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October 16, 2021

Epic flooding in Balkans raises fears about landmines surfacing

As if the deadly flooding inundating much of the Balkans wasn’t alarming enough, rescuers must now grapple with another concern: the risk of landmines from the Bosnian war resurfacing, CNN reports.
“A vast number of landslides have worsened the situation and relief efforts,” the Red Cross said, describing the rains as the “worst floods in more than a century.”
“There are reports that landmines buried during the conflict and not yet removed are in some instances being shifted with the landslides, adding (to) the dangers of people living in the areas as well as rescuers,” the Red Cross said.
The mammoth flooding has already killed at least two dozen people in Serbia and Bosnia and Herzegovina. Massive swaths of Croatia are also submerged.
Even though the intense rainfall is subsiding Monday, the disaster is far from over. CNN meteorologist Pedram Javaheri said flooding in the region will last at least another week – and in some places, it could get worse.
The Serbian capital of Belgrade, for example, sits at the crux of the swollen Sava and Danube rivers. As water rushes downstream, the flood level in Belgrade is expected to rise through Thursday, Javaheri said.
In Serbia alone, more than 24,000 people have evacuated to escape water that is chest-high in some areas.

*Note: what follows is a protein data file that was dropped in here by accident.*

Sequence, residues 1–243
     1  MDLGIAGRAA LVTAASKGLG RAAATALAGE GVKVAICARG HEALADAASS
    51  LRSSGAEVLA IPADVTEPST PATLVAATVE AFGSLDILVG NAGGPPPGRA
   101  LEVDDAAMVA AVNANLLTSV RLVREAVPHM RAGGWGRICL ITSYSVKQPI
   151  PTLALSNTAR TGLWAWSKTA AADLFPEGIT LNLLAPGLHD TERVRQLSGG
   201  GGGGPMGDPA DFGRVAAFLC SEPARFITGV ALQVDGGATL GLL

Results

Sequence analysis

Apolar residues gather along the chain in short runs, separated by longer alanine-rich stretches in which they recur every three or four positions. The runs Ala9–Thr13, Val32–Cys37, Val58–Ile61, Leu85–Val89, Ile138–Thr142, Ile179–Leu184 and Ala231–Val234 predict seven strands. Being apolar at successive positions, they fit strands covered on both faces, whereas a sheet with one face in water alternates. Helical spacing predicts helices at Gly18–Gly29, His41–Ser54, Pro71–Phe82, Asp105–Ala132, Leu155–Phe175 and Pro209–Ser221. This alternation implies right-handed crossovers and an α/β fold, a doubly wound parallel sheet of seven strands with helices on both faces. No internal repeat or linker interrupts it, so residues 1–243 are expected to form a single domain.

The Serbian government said at least 12 bodies have been found in the town of Obrenovac, about 35 kilometers (22 miles) from the capital of Belgrade. But one of the 12 was someone who had already died “of natural causes,” Serbian Prime Minister Aleksandar Vucic said.
One of the deceased was a rescuer, said Dragan Radovanovic, president of the Serbian branch of the Red Cross.
Authorities estimate that 90% of Obrenovac has been flooded.
Serbia’s not alone. In nearby Bosnia and Herzegovina, at least 13 people have died, Deputy Minister of Security Samir Agic said. The catastrophic weather has prompted authorities to declare a state of emergency in Bosnia and Herzegovina.
Bosnian authorities say the flooded town of Maglaj received the average rainfall for two months in less than two days.
The epic flooding is the worst Serbia has seen since the country began keeping records 120 years ago, meteorologists said.
“Many cities and villages in western Serbia are completely under water,” the Serbian Embassy in Washington said in a statement Sunday, describing the situation as an “unimaginable catastrophe.”
Soldiers, rescue workers and volunteers rushed to stack sandbags in towns near rivers throughout Serbia.
The Sava River has already reached 6.3 meters (20.7 feet) – a historic high, the Serbian government said. The Prime Minister said workers have erected a dam 7.3 meters (24 feet) tall in the area of Sabac.

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